There’s more–much more–as The Hill concluded.

Trump is also proposing drastic cuts this year to the Centers for Disease Control and the National Institutes of Health — key federal agencies that research and respond to public health emergencies — including a $838 million cut to the National Institute of Allergy and Infectious Diseases. A proposed $2.6 billion cut to the Environmental Protection Agency would eliminate crucial programs that address climate change, which would be detrimental to public health as rapidly warming environments create petri dishes for the spread of viruses, and would also cut programs that monitor and restore water quality.

These cuts are unacceptable in the face of a growing global public health emergency.

It’s no wonder the Health and Services Resources Administration is in a panic and scrambling to develop an adequate response to the growing Coronavirus health emergency. A constant barrage of cuts, deterioration, weakening and outright elimination of America’s historically robust public health infrastructure has made us vulnerable.

While Coronavirus is our current concern, we should always be prepared to deal with public health concerns…. The Trump administration’s insistence on cutting programs that keep us healthy not only put people living in the United States at risk — it makes the world more dangerous for everyone.

The Trump administration should immediately reverse cuts to critical federal agencies in order to protect public health worldwide, and Congress should allocate more funds to combatting the current virus of concern.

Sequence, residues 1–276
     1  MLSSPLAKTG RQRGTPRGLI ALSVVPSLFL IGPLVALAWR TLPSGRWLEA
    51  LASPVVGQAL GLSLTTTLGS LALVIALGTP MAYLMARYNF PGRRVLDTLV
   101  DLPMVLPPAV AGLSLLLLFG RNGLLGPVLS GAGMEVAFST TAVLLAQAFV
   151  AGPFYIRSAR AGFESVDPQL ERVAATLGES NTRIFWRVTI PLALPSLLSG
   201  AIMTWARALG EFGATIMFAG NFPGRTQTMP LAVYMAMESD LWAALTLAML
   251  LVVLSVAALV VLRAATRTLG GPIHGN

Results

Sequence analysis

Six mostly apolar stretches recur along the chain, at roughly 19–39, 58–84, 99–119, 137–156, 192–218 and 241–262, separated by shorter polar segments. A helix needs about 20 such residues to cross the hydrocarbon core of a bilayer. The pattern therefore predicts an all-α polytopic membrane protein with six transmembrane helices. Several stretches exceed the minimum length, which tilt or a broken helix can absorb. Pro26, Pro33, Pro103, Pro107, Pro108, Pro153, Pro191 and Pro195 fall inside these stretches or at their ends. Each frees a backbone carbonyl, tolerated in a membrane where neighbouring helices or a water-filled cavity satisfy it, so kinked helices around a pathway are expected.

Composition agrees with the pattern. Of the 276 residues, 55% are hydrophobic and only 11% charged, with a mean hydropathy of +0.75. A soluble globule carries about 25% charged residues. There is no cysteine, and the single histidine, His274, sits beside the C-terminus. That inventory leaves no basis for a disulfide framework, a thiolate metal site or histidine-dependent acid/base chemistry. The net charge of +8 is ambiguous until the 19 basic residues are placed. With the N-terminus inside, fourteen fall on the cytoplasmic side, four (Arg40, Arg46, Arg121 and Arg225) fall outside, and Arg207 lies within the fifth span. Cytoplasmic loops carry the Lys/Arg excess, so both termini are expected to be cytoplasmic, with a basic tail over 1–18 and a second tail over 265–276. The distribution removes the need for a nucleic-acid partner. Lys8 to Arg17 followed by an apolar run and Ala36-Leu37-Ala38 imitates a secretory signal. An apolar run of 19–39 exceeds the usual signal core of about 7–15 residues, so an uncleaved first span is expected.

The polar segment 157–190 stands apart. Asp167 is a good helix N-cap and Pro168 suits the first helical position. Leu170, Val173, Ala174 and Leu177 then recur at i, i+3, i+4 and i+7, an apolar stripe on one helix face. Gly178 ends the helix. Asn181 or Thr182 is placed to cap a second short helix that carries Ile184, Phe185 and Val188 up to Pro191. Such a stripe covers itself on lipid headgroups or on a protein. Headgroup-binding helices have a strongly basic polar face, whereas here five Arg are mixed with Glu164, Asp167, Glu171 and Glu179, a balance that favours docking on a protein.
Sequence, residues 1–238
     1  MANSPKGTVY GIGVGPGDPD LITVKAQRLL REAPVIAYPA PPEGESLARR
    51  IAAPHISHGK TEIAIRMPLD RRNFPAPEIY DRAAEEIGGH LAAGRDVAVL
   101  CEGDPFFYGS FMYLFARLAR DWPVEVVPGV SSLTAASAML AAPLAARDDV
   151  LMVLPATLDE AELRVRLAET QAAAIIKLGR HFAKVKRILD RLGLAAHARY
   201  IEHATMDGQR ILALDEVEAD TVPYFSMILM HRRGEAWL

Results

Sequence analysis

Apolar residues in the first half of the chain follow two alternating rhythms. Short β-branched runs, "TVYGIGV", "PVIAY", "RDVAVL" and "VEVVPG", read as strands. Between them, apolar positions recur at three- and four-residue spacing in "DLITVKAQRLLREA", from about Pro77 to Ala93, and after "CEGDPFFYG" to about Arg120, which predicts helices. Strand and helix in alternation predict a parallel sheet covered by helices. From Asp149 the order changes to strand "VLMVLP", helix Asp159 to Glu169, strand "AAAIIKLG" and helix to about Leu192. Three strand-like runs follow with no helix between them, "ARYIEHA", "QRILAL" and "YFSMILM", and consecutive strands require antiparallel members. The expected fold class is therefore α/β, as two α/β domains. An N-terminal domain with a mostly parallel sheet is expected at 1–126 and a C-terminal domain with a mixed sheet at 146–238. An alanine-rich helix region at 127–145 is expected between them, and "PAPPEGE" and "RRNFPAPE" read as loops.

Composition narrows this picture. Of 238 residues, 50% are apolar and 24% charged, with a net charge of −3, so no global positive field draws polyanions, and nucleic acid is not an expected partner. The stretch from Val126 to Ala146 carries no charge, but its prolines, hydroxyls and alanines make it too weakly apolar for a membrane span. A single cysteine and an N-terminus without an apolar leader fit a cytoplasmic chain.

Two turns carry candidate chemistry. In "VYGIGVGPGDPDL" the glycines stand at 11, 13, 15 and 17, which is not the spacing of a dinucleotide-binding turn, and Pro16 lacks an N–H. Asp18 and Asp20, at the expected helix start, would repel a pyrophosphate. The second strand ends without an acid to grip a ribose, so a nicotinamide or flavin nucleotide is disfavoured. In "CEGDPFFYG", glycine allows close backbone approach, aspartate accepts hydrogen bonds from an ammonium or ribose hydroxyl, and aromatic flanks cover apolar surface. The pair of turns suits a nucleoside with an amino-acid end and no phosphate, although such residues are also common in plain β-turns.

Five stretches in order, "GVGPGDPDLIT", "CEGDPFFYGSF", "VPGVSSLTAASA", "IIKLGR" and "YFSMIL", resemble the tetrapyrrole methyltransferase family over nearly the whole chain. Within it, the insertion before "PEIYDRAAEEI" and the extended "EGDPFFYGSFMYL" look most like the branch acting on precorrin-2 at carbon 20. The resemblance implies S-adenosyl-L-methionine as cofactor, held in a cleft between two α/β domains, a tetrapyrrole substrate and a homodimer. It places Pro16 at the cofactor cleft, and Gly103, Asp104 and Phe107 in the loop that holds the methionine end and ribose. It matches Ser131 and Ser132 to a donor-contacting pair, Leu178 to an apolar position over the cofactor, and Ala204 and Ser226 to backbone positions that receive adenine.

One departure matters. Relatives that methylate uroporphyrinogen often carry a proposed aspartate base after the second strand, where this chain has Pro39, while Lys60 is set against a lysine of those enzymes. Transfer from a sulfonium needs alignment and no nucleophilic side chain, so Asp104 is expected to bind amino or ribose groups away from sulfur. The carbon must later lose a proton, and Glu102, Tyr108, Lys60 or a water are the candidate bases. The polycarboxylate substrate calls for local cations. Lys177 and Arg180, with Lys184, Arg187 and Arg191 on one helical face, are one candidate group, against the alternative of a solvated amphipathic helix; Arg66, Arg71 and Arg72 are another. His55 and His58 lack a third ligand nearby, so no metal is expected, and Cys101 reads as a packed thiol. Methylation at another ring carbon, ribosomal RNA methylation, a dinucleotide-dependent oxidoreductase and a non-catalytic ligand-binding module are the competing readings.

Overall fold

Meanwhile, as we have starved the agencies that work to keep us safe and/or healthy, Trump’s payments to farmers–necessitated by the damage caused by his idiotic tariffs–now total twice as much as the automobile bailout. (And don’t get me started on what his incessant golf outings and children’s extravagant travel have cost us.)

Yesterday, from Fantasyland, Trump pooh-poohed concerns, and assured the world that America has it all under control.

Voting for an ignoramus because he resents the same people you do can really get expensive….

Lock, Stock and Bottom of the Barrel

Like so many Americans, I’ve been waiting for that promised light at the end of the economic tunnel, but I’ve come to the conclusion that all we are going to see for the foreseeable future is the bottom of the economic barrel. Today’s massive stock market drop is, I am afraid, the sort of swing we will see more and more.

Unlike all the pundits, left and right, who know with absolute certainty just why we can’t shake off the recession, I have a sneaking suspicion that it is a tangled and complicated number of things, some of which we could control if we had political will, some of which is global in nature and difficult or impossible to manage, and some of which is structural. The structural elements can be ameliorated but not reversed.

The question that scares me is this: if, in fact, my suspicions are correct and the economic picture is going to be fairly bleak for several years, what effect will that have on our political and social systems? We don’t have a very good track record of dealing rationally with economic adversity.